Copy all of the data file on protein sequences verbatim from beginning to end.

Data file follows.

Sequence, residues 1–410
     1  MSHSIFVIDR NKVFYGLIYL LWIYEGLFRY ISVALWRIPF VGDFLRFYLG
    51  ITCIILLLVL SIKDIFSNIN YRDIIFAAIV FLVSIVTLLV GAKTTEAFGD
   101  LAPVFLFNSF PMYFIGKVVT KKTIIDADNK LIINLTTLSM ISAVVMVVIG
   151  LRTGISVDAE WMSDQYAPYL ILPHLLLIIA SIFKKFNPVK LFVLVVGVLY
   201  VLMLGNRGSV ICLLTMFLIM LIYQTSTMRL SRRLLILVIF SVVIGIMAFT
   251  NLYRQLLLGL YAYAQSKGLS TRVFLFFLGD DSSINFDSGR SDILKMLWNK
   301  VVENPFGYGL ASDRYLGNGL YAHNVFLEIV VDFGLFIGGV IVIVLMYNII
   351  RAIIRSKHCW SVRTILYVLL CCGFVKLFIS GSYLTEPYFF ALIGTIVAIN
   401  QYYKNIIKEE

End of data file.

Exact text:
Sequence, residues 1–410
     1  MSHSIFVIDR NKVFYGLIYL LWIYEGLFRY ISVALWRIPF VGDFLRFYLG
    51  ITCIILLLVL SIKDIFSNIN YRDIIFAAIV FLVSIVTLLV GAKTTEAFGD
   101  LAPVFLFNSF PMYFIGKVVT KKTIIDADNK LIINLTTLSM ISAVVMVVIG
   151  LRTGISVDAE WMSDQYAPYL ILPHLLLIIA SIFKKFNPVK LFVLVVGVLY
   201  VLMLGNRGSV ICLLTMFLIM LIYQTSTMRL SRRLLILVIF SVVIGIMAFT
   251  NLYRQLLLGL YAYAQSKGLS TRVFLFFLGD DSSINFDSGR SDILKMLWNK
   301  VVENPFGYGL ASDRYLGNGL YAHNVFLEIV VDFGLFIGGV IVIVLMYNII
   351  RAIIRSKHCW SVRTILYVLL CCGFVKLFIS GSYLTEPYFF ALIGTIVAIN
   401  QYYKNIIKEE